typical gradients are shown in Fig. 11. Additional well data, at the time these pressures were taken, are given in Table 2. Curves A, B, C, D and E are on the same well
under different pressure conditions. The curves are plotted on semi-logarithmic paper and most of the points approach a straight line in the lower part of the flow
string, but toward the top of the well there is a tendency for the gradient to become
steeper, except in curve C. It suggests that the place at which this change occurs may
be the place where the flow changes from viscous to turbulent. The velocity at this
point probably varies with the absolute gas-oil ratio, because it shows up on the low
as well as the high velocities. These curves indicate that the flow of oil and gas mix203

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tures through vertical pipes is probably more regular and the loss in pressure less
than is generally considered.

TABLE 2.-Well Data at Time Gradients Shown in Fig. 11 Were Taken

Curve
A
B
C
D
E
F
G

Size of Flow String,


In.
858
858
858
858
858
7
5316

Absolute Gas-oil
Ratio at Top of
Well, Cu. Ft. per
Bbl.
28
36
68
104
669
1065
1420

Velocity at Top of
Flow String Ft per
Sec.
1.2
0.4
56.5
81.6
35.3
141.5
94.4

Bottom-hole pressures have been taken in pumping wells under operating conditions by placing the gage in a perforated anchor below the standing valve. The chart
obtained in one of these wells is reproduced in Fig. 6. This well had been shut down
for over 24 hr. at the time this chart started and the pressure recorded was 53 lb.,
which is considered as the formation pressure. After pumping 5 hr. the pressure decreased to 30 lb., which is 66 per cent. of the formation pressure (absolute).The pressure did not change during the rest of the period of the chart (33 hr.). During this
time production averaged 16 bbl. per hour. Another well had a formation pressure of
69 lb., and pumped 27 bbl. Per hour, with a bottom-hole pressure of 56 lb., which
is 84 per cent. of the formation pressure (absolute). It is probable that the amount of
oil pumped from each of these wells was limited by the capacity of the pump, as it is
unlikely that the maximum amount of oil was delivered to either well with so Iowa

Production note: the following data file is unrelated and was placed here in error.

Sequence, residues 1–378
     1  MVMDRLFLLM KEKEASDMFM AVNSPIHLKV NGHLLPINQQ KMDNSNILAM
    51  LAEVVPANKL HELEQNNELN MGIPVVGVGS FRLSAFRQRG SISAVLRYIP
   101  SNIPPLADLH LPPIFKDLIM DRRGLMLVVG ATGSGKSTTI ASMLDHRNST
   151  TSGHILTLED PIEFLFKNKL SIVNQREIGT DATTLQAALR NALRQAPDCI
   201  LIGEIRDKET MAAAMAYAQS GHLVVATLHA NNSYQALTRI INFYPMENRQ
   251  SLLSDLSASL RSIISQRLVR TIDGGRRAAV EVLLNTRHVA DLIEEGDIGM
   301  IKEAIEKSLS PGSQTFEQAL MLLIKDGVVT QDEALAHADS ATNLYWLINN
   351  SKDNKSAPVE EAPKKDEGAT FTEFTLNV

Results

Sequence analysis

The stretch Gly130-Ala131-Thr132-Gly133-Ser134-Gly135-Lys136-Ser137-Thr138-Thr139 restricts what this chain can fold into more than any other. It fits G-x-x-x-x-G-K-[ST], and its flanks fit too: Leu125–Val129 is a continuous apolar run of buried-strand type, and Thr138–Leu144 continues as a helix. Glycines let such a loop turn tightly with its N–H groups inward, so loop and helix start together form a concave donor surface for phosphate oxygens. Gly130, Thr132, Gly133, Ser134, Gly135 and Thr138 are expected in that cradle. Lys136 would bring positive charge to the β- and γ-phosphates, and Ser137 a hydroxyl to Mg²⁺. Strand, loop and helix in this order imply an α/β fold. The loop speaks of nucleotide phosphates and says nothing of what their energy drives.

differential pressure in the formation. A knowledge of bottom-hole pressures in
pumping wells will give as much information for solving recovery problems as in
flowing wells. It will also show whether the rate of production obtained is limited by
the capacity of the pump or by the capacity of the sand to deliver oil to the well.
SUMMARY
Production control and lifting procedure can be more intelligently directed when
bottom-hole pressures and pressures within the producing formation are known. By
comparing these pressures the operator may determine whether the rate of production being obtained is limited by the capacity of the method of lifting the oil or by the
capacity of the well to produce. The best size of flow string for a well flowing naturally or by gas-lift must be determined by the use of an estimated, calculated or measured bottom-hole pressure, and the degree of accuracy is in proportion to the accuracy of the bottom-hole pressure upon which the calculation is based. Production con-

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trol used to obtain more efficient use of the gas energy accompanying the oil, to retard bottom water invasion, or to obtain more effective natural water flood, is usually
accomplished by regulating the pressure at the casinghead or changing the operating
method. These are indirect methods because a change in the rate of production is a
result of change in the bottom-hole pressure (more specifically a change in the differential pressure between the producing formation and the bottom of the hole) caused
by a change of the casinghead pressure or method of operation. Reliable pressures at
the bottom of oil wells and in the producing formation are essential in solving problems of lifting and recovery of oil.